I sort of have my reading-groove back again and as I’m reading a lot, it also means the occasional mishap or, as I prefer to call such books: palate-cleansers.
If you’re into New York interior gossip, Shelter in Place is absolutely for you. And, come to think of it, who isn’t. Whereas my last featured read here, Shuggie Bain, was about heart-wrenching misery in a Scottish housing scheme, today’s suggestion takes place in Upper East Side, Venice (Italy) and various upstate country homes of rich people.
The outline of the story is amusing: a group of liberal New Yorkers gather in a Connecticut weekend home to commiserate the 2016 election result. (One reason this book now qualifies as “light reading” is of course the fact that 2016 events are now history.) Eva Lindquist decides to purchase a mansion in Venice (as you do) to have a place to escape to in case things go terribly awry in the US and the place ‘goes fascist’.
This is basically the story. I was hovering between finishing the book and not finishing it, because it was getting a bit exhausting at some point. There’s a lot of dialogue in Shelter in Place. This is not bad, per se, but also there’s very little actually going on in the book, plot-wise.
The book is absolutely not bad, but maybe my state of mind was not right for this piece at this time. I didn’t grow to really like, or dislike for that matter, any of the characters. At the same time I felt compelled to finish the novel and find out what happens with some of the subplots – it did manage to spark some interest.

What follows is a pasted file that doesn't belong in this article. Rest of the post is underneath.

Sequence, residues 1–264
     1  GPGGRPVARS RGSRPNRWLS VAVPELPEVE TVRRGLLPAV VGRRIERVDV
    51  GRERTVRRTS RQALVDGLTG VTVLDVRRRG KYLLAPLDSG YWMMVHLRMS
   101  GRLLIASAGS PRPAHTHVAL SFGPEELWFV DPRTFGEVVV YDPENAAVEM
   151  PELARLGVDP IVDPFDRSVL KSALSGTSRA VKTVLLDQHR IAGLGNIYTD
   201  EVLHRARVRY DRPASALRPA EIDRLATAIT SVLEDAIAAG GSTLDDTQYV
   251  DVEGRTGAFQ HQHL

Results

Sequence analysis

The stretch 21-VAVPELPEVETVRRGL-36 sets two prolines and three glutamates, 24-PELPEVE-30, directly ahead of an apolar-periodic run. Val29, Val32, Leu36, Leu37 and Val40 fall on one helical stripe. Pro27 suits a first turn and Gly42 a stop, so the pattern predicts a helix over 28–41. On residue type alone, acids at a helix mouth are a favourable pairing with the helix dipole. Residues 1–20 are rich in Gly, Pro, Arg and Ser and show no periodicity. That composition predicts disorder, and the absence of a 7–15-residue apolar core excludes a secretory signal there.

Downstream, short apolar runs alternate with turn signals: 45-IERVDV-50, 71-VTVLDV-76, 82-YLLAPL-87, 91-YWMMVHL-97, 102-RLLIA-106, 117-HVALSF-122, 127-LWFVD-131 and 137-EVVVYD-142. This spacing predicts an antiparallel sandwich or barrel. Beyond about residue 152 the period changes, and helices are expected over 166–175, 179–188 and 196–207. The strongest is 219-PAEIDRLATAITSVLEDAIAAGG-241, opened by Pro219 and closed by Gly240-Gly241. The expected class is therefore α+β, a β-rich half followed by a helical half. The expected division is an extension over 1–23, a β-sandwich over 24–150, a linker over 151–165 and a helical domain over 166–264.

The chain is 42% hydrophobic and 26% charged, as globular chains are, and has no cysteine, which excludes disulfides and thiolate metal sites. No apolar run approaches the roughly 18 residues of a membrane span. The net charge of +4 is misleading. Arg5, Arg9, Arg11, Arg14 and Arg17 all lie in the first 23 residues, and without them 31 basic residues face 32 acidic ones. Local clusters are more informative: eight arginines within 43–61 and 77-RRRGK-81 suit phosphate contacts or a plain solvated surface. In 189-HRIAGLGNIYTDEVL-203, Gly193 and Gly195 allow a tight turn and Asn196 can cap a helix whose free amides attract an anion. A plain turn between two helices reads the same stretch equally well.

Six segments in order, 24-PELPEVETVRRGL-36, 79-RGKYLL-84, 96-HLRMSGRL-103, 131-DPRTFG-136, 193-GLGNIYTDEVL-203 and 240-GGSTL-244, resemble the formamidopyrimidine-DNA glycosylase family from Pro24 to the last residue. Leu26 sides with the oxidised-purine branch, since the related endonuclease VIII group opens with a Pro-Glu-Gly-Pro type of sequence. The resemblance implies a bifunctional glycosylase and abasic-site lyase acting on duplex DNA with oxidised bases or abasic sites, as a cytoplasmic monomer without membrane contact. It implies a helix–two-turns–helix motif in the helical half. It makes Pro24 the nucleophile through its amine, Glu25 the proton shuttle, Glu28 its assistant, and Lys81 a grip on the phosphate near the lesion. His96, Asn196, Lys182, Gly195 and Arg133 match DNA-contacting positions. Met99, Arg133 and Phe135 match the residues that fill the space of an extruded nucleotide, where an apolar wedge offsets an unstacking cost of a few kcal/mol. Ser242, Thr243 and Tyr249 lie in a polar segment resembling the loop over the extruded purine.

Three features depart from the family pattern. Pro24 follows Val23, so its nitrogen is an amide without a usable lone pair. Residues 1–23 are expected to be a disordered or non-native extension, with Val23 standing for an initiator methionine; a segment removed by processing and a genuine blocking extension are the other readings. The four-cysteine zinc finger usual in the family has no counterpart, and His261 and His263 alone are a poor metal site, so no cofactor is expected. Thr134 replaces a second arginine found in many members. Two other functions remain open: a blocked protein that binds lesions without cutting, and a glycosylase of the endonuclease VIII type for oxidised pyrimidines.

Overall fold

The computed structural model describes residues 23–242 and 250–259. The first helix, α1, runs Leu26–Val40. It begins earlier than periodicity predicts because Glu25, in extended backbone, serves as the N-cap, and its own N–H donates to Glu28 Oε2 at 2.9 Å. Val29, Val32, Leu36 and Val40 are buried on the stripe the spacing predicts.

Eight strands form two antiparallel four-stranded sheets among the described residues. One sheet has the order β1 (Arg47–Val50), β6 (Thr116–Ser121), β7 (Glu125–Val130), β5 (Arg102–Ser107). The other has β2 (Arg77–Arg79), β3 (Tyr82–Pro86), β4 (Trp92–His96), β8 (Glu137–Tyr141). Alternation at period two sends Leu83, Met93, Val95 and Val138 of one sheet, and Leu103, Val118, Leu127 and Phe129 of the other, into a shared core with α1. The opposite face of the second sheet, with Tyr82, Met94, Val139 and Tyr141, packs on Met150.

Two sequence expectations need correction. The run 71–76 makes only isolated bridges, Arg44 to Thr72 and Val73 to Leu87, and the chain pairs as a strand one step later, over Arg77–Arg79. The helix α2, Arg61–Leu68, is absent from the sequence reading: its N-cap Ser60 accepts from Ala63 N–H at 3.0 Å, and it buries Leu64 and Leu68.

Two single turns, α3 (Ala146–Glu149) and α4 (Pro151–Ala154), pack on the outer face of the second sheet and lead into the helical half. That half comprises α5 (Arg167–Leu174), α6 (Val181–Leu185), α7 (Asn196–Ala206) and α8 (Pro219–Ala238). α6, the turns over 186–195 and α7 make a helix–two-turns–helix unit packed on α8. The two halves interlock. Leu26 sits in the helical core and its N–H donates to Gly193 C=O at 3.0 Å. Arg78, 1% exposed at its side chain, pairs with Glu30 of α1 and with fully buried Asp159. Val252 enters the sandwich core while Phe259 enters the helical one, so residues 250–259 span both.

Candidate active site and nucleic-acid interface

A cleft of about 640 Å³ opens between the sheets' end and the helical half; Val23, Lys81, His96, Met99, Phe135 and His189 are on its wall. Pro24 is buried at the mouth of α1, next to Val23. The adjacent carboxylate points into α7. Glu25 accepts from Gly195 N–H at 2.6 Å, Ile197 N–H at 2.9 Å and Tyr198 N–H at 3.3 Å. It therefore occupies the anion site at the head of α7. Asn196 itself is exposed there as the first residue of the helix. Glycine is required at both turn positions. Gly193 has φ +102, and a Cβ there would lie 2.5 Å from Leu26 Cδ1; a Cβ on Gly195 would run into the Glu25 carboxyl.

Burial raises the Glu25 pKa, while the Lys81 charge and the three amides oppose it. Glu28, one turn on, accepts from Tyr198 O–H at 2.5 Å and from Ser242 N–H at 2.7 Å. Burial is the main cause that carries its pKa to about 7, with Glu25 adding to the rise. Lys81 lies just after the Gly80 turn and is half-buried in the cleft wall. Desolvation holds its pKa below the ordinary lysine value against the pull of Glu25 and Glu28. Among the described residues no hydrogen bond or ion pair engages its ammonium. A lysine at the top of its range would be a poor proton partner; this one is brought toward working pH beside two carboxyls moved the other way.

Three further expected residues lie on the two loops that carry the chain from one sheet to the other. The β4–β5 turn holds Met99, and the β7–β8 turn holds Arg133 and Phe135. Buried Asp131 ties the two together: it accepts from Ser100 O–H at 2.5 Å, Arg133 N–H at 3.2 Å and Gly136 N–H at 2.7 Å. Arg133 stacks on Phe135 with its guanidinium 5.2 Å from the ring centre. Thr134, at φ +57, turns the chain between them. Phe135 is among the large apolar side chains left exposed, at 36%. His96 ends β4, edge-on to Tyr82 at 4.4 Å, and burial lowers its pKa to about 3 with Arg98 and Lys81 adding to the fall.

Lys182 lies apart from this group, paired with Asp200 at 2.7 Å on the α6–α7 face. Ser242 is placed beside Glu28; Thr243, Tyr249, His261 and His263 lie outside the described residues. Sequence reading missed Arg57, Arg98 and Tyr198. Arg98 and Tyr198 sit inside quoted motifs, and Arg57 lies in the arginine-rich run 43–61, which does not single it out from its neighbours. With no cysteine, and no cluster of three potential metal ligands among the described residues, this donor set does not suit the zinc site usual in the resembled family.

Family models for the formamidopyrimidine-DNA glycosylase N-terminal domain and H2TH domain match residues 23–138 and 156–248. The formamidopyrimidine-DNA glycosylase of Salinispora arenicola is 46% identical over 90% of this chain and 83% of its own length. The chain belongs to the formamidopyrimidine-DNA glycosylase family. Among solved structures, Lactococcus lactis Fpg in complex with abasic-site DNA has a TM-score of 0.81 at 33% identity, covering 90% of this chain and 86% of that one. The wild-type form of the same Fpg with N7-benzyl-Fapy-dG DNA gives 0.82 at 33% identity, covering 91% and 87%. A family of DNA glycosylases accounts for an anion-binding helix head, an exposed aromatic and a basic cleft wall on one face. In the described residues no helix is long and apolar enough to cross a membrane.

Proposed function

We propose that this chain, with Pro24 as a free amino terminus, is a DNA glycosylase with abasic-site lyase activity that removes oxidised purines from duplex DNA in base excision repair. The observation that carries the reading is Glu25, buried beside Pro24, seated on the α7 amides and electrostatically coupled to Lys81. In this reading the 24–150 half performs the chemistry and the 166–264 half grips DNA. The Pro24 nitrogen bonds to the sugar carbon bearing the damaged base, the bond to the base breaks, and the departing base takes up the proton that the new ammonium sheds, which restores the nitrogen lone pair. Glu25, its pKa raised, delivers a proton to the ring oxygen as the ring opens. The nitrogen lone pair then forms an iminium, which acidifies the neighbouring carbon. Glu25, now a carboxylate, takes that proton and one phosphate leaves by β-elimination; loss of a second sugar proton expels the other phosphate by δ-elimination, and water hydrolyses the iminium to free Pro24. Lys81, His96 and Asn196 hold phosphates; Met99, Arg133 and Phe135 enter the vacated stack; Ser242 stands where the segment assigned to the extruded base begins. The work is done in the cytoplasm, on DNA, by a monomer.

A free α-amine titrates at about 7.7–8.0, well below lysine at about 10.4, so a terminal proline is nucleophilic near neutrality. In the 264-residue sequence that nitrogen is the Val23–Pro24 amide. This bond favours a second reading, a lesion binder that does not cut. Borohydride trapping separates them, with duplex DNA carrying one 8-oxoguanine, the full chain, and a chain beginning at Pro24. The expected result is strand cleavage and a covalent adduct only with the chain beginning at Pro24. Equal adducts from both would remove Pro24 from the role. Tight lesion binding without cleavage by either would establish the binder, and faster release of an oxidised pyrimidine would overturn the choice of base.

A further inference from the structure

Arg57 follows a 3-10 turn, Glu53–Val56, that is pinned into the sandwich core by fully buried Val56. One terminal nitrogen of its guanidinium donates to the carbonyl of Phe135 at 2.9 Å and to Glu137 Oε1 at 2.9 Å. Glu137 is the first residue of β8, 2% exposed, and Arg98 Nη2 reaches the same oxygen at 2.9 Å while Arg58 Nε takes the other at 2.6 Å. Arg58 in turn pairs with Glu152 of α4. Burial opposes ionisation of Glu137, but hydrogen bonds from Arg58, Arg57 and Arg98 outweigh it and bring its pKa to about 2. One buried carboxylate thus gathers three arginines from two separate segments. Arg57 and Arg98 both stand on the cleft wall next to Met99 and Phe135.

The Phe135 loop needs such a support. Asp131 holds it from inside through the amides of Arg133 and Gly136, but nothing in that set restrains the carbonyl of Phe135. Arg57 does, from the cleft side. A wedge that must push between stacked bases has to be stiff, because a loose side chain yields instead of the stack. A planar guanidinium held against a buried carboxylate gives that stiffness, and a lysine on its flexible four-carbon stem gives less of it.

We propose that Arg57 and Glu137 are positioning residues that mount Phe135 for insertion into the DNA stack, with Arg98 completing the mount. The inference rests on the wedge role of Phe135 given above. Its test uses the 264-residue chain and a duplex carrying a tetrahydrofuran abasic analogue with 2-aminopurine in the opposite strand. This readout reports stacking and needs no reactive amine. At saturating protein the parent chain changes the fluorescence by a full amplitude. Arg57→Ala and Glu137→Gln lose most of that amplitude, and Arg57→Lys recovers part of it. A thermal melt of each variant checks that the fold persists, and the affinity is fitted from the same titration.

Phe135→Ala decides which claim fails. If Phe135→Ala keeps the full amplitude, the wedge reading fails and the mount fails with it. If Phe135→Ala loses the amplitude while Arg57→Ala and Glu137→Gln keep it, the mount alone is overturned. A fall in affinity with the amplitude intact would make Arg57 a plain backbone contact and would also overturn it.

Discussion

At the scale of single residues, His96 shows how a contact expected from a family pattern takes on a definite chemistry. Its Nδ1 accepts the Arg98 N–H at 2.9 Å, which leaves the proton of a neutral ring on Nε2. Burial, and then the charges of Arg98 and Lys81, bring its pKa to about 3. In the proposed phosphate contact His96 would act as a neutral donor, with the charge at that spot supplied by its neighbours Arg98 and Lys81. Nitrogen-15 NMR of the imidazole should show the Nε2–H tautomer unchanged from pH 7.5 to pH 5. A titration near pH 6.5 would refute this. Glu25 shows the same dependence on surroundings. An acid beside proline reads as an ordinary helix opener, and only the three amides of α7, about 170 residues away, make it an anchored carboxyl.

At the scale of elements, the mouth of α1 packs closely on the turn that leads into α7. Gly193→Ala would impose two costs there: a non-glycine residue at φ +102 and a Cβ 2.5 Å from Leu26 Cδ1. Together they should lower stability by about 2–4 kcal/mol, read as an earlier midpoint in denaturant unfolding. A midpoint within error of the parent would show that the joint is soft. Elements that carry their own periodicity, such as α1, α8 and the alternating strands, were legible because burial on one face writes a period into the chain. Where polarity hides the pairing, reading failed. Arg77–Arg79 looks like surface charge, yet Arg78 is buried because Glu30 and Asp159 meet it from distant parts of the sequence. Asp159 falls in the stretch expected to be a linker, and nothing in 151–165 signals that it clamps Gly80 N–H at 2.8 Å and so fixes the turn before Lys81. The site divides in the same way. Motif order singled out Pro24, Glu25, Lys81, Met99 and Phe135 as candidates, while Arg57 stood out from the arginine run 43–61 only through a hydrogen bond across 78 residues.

And there are amusing parts, again, now that it’s history and we no longer have it angstily hang over us like a wet grey rag. Eva gets absolutely mad as she finds out her husband has been walking their three dogs together (or rather merely at the same time) with their neighbour who voted for you know whom.
It was also nice to read relationship shenanigans of people my age rather than everybody being thirty- year-old children. While the novel is light and silly on the surface, there are relationship- and marital issues brewing on the background. So if you are looking for a light read to snack on as all holiday cocktail parties (luckily) have been cancelled, Shelter in Place could be something for you. It also conveniently contains minute descriptions of New York, which come in handy as we cannot basically ever travel there again.
Another piece by a New Yorker that I warmly recommend you to read is a column last week’s Financial Times How to Spend It by Fran Lebowitz. It’s about her Anderson & Sheppard suits and other sartorial choices, and it is, of course, brilliant. She was first told that they only made suits for men, with the exception of Marlene Dietrich, but after a couple of years Lebowitz managed to persuade the company and now exclusively wears their suits. As she eloquently (and rightly) puts it in the column “a woman who gets discouraged by being turned down once is a woman you’ve never heard of.”